• 129. SELF DISCLOSURE
  • 130. 14.It’s okay to hold private conversations in bathrooms, elevators, and other public spaces. A.True B.False
  • 131. 14.It’s okay to hold private conversations in bathrooms, elevators, and other public spaces. A.True B.False
  • 132. Self disclose personal information in small doses
  • 133. Self disclose personal information in small doses Be wary of putting personal information in writing
  • 134. Self disclose personal information in small doses Be wary of putting personal information in writing Self disclosure should be reciprocal
  • 135. Self disclose personal information in small doses Be wary of putting personal information in writing Self disclosure should be reciprocal strong work relationships Disclosure can help build
  • 136. Self disclose personal information in small doses Be wary of putting personal information in writing Self disclosure should be reciprocal strong work relationships Disclosure can help build Remember, though, that your words can be used against you
  • 137. PUNCTUALITY
  • 138. At Work: Don’t be the last to arrive and don’t be the first to leave
  • 139. At Work: Don’t be the last to arrive and don’t be the first to leave others’ time and your own Value
  • 140. At Work: Don’t be the last to arrive and don’t be the first to leave others’ time and your own Value accountable Hold yourself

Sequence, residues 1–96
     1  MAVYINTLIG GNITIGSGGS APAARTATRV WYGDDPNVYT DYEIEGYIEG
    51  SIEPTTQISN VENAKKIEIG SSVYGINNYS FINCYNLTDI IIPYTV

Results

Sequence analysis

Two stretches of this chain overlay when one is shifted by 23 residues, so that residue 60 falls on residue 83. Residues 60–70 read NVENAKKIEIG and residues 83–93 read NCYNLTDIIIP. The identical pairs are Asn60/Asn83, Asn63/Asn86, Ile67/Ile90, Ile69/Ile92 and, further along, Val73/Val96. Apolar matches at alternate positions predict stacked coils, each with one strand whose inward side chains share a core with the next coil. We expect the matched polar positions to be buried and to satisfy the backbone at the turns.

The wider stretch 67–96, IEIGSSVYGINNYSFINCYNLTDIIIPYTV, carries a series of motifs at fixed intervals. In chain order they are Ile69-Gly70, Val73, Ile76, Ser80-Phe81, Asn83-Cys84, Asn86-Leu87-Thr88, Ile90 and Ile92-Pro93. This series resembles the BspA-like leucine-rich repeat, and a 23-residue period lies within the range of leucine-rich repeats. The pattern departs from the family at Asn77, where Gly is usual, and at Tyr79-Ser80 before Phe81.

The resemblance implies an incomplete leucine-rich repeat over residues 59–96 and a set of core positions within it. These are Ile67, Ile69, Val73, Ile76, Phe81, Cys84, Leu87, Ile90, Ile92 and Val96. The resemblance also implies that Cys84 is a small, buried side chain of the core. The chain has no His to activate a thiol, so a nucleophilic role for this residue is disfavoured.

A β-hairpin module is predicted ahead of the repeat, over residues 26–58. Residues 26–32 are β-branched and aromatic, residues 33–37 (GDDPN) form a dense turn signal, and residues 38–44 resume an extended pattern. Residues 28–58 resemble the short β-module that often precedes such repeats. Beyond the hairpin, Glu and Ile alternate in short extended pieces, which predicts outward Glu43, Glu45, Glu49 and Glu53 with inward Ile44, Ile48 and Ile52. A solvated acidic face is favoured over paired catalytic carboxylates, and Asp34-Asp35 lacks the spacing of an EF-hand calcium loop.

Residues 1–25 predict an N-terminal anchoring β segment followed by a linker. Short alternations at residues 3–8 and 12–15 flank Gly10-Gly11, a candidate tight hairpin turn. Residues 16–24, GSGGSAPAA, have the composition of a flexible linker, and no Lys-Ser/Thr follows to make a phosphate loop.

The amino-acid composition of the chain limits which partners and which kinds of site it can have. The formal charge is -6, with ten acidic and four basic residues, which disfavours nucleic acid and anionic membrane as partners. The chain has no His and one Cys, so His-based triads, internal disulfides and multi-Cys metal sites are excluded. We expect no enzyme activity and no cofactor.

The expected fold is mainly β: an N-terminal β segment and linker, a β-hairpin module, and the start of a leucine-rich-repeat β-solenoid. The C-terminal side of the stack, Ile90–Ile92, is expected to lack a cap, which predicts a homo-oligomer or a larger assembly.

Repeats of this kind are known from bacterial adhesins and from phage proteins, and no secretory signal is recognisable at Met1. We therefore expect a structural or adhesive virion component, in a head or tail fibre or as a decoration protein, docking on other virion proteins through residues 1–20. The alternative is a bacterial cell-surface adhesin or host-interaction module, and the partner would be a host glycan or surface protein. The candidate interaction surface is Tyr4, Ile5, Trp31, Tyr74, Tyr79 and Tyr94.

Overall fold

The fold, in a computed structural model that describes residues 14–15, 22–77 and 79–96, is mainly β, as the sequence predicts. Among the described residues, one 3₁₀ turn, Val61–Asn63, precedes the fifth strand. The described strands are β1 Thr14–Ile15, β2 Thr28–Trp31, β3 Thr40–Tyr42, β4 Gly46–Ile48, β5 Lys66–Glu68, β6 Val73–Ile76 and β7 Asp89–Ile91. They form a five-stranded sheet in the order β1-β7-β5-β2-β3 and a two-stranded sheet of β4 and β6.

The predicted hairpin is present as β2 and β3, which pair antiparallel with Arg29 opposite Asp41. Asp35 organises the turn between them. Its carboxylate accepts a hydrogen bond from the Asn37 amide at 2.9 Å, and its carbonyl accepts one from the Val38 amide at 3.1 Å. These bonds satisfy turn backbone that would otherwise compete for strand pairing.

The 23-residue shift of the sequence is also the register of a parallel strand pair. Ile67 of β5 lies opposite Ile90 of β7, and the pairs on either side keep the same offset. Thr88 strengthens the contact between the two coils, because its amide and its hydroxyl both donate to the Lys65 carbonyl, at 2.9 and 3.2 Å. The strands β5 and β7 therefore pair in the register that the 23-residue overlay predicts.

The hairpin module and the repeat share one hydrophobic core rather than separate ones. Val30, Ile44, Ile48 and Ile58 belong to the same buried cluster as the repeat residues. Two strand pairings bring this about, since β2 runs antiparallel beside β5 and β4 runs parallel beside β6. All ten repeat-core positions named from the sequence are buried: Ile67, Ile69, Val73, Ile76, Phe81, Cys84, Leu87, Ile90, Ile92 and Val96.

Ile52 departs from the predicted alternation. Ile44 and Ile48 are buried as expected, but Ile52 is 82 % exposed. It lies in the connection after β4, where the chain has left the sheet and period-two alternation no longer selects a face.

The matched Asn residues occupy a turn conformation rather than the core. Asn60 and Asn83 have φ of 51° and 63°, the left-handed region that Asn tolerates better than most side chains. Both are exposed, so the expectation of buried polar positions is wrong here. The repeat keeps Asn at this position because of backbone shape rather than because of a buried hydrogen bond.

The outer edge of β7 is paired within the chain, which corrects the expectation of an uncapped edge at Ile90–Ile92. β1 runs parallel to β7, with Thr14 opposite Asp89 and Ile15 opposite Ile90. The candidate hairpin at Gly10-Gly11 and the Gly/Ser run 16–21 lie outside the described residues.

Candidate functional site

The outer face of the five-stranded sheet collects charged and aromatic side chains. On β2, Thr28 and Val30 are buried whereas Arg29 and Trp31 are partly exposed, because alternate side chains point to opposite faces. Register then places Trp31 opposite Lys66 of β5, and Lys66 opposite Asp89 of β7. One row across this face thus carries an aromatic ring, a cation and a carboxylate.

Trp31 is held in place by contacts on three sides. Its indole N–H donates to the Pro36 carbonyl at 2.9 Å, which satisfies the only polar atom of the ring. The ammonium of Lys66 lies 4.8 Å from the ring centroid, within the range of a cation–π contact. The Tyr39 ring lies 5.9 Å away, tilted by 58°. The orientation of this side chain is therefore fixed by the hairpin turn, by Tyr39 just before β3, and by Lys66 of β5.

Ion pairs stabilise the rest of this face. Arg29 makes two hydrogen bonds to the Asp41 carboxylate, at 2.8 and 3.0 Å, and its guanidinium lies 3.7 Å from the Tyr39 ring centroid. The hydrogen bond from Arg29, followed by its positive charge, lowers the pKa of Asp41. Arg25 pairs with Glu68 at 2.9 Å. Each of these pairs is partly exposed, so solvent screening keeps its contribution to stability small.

• 141. At Work: Don’t be the last to arrive and don’t be the first to leave others’ time and your own Value accountable Hold yourself show your position Don’t use time as a tool to
  • 142. At Work: Don’t be the last to arrive and don’t be the first to leave others’ time and your own Value accountable Hold yourself show your position Don’t use time as a tool to Remember, people make assumptions about your character based on your punctuality
  • 143. FOR THE HABITUALLY LATE
  • 144. Take one day/week and m ake a list of the reasons you are always late FOR THEPinpointing the . exact reasons are essential HABITUALLY iLATEnt to f you wa conquer or at least manage the problem.
  • 145. Consider the impact your lateness has on your professional relationships a nd the way people view you.
  • 146. Consider the context of yo ur lateness -- is it just work or is it persona l relationships too? This insight will help you to better understand the causes of y our lateness.